https://www.readbyqxmd.com/read/28716645/update-in-management-of-severe-hypoxemic-respiratory-failure
#8
REVIEW
Dharani Kumari Narendra, Dean R Hess, Curtis N Sessler, Habtamu M Belete, Kalpalatha K Guntupalli, Felix Khusid, Charles Mark Carpati, Mark Elton Astiz, Suhail Raoof
Mortality related to severe-moderate and severe ARDS remains high. We searched the literature to update this topic. We defined severe hypoxemic respiratory failure as Pao2/Fio2 < 150 mm Hg (ie, severe-moderate and severe ARDS). For these patients, we support setting the ventilator to a tidal volume of 4 to 8 mL/kg predicted body weight (PBW), with plateau pressure (Pplat) ≤ 30 cm H2O, and initial positive end-expiratory pressure (PEEP) of 10 to 12 cm H2O. To promote alveolar recruitment, we propose increasing PEEP in increments of 2 to 3 cm provided that Pplat remains ≤ 30 cm H2O and driving pressure does not increase...
July 14, 2017: Chest
https://www.readbyqxmd.com/read/28701178/the-future-of-mechanical-ventilation-lessons-from-the-present-and-the-past
#9
REVIEW
Luciano Gattinoni, John J Marini, Francesca Collino, Giorgia Maiolo, Francesca Rapetti, Tommaso Tonetti, Francesco Vasques, Michael Quintel
The adverse effects of mechanical ventilation in acute respiratory distress syndrome (ARDS) arise from two main causes: unphysiological increases of transpulmonary pressure and unphysiological increases/decreases of pleural pressure during positive or negative pressure ventilation. The transpulmonary pressure-related side effects primarily account for ventilator-induced lung injury (VILI) while the pleural pressure-related side effects primarily account for hemodynamic alterations. The changes of transpulmonary pressure and pleural pressure resulting from a given applied driving pressure depend on the relative elastances of the lung and chest wall...
July 12, 2017: Critical Care: the Official Journal of the Critical Care Forum
https://www.readbyqxmd.com/read/28701227/high-flow-nasal-cannula-oxygen-therapy-is-superior-to-conventional-oxygen-therapy-but-not-to-noninvasive-mechanical-ventilation-on-intubation-rate-a-systematic-review-and-meta-analysis
#10
Huiying Zhao, Huixia Wang, Feng Sun, Shan Lyu, Youzhong An
BACKGROUND: High-flow nasal cannula oxygen (HFNC) is a relatively new therapy used in adults with respiratory failure. Whether it is superior to conventional oxygen therapy (COT) or to noninvasive mechanical ventilation (NIV) remains unclear. The aim of the present study was to investigate whether HFNC was superior to either COT or NIV in adult acute respiratory failure patients. METHODS: A review of the literature was conducted from the electronic databases from inception up to 20 October 2016...
July 12, 2017: Critical Care: the Official Journal of the Critical Care Forum
https://www.readbyqxmd.com/read/28339316/practical-insight-to-monitor-home-niv-in-copd-patients
#11
Jean-Michel Arnal, Joëlle Texereau, Aude Garnero
Home noninvasive ventilation (NIV) is used in COPD patients with concomitant chronic hypercapnic respiratory failure in order to correct nocturnal hypoventilation and improve sleep quality, quality of life, and survival. Monitoring of home NIV is needed to assess the effectiveness of ventilation and adherence to therapy, resolve potential adverse effects, reinforce patient knowledge, provide maintenance of the equipment, and readjust the ventilator settings according to the changing condition of the patient...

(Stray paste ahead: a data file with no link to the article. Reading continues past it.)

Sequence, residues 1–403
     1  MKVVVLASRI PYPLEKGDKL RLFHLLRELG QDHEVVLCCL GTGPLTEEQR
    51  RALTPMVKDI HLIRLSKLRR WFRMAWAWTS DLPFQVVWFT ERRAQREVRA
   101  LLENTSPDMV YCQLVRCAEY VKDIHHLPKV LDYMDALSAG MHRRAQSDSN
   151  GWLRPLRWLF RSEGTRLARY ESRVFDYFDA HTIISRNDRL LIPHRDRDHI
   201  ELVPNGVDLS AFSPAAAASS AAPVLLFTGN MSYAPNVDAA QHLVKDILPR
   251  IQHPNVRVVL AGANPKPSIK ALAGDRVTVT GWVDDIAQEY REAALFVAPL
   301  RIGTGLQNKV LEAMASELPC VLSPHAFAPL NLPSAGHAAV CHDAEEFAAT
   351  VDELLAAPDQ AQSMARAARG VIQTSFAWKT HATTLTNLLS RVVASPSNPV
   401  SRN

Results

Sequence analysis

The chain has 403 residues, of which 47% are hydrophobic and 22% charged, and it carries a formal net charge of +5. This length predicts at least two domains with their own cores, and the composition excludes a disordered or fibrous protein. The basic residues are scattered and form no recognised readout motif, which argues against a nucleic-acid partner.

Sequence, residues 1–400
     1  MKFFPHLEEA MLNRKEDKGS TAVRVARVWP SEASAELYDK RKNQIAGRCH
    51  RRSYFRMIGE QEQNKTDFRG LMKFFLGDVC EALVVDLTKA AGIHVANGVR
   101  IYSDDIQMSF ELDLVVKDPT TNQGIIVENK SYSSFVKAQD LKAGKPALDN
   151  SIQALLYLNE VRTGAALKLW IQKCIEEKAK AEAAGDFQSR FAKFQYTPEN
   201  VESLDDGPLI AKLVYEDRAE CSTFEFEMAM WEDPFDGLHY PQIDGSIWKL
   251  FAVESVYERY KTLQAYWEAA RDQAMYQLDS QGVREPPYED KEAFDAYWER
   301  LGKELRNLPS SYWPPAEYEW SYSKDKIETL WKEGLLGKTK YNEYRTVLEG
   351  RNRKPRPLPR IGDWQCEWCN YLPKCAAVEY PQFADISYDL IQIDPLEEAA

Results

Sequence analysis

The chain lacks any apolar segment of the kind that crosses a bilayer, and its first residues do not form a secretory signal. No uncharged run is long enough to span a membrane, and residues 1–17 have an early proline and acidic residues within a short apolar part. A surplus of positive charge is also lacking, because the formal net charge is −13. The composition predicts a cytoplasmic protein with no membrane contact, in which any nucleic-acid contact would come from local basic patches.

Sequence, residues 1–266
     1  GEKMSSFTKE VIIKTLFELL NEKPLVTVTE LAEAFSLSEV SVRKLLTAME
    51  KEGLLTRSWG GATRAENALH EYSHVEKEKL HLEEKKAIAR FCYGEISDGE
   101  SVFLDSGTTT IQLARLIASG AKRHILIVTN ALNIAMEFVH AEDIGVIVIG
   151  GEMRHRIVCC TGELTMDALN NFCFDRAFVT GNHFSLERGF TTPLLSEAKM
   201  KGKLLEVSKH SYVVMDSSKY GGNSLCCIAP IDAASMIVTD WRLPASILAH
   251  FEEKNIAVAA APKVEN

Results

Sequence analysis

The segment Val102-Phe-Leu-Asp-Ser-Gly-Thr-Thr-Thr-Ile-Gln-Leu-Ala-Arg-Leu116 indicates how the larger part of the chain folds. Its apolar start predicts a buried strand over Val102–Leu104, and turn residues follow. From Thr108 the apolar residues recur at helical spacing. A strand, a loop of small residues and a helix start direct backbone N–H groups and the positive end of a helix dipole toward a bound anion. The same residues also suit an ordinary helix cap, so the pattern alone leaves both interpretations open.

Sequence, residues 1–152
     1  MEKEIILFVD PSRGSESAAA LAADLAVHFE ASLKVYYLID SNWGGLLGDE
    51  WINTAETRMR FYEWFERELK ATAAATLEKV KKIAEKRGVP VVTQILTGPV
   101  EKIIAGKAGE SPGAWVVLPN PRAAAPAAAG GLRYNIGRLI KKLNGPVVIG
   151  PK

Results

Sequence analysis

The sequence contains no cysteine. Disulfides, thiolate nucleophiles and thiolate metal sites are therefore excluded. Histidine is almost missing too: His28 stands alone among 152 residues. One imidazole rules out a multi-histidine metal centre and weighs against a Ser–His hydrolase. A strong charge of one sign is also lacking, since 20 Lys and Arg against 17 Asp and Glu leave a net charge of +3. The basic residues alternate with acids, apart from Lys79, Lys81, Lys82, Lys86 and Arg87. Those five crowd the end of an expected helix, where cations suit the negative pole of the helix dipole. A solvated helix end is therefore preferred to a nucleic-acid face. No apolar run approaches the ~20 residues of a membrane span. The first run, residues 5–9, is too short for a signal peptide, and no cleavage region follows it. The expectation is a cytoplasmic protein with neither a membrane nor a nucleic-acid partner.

March 24, 2017: COPD
https://www.readbyqxmd.com/read/28459282/use-of-nasal-high-flow-in-stable-copd-rationale-and-physiology
#12
Lara Pisani, Maria Laura Vega
High-flow nasal cannula (HFNC) is a device able to deliver heated and humidified oxygen at high flows (up to 60 L/minutes). Potential benefits of HFNC are several and include the improvement of lung mucociliary clearance, the washout of upper airway dead space, the generation of a low level of positive airway pressure (PEEP effect), the decrease in inspiratory resistance and at the same time the increase in expiratory resistance. The present review aimed to describe the evidence surrounding the use of HFNC in stable chronic obstructive pulmonary disease patients...
June 2017: COPD
https://www.readbyqxmd.com/read/28485989/non-invasive-positive-airway-pressure-in-obesity-hypoventilation-syndrome-and-chronic-obstructive-pulmonary-disease-present-and-future-perspectives
#13
Victor R Ramírez-Molina, Francisco J Gómez-de-Terreros, Javier Barca-Durán, Juan F Masa
Obesity hypoventilation syndrome (OHS) is a sleep disorder that has acquired great importance worldwide because of its prevalence and association with obesity leading to increased morbidity and mortality with reduced quality of life. The primary feature is insufficient sleep-related ventilation, resulting in abnormally elevated arterial carbon dioxide pressure (PaCO2) during sleep and demonstration of daytime hypoventilation. There are three main mechanisms that can generate diurnal hypoventilation in obese patients: alteration of the respiratory mechanics secondary to obesity; central hypoventilation secondary to leptin resistance and sleep disorder with sleep hypoventilation and obstructive apnoeas, which can be potentially solved with the use of positive airway pressure: non-invasive ventilation (NIV) and continuous positive airway pressure (CPAP)...
August 2017: COPD
https://www.readbyqxmd.com/read/28650414/combined-thoracic-ultrasound-assessment-during-a-successful-weaning-trial-predicts-postextubation-distress
#14
Stein Silva, Dalinda Ait Aissa, Pierre Cocquet, Lucille Hoarau, Jean Ruiz, Fabrice Ferre, David Rousset, Michel Mora, Arnaud Mari, Olivier Fourcade, Béatrice Riu, Samir Jaber, Bénoît Bataille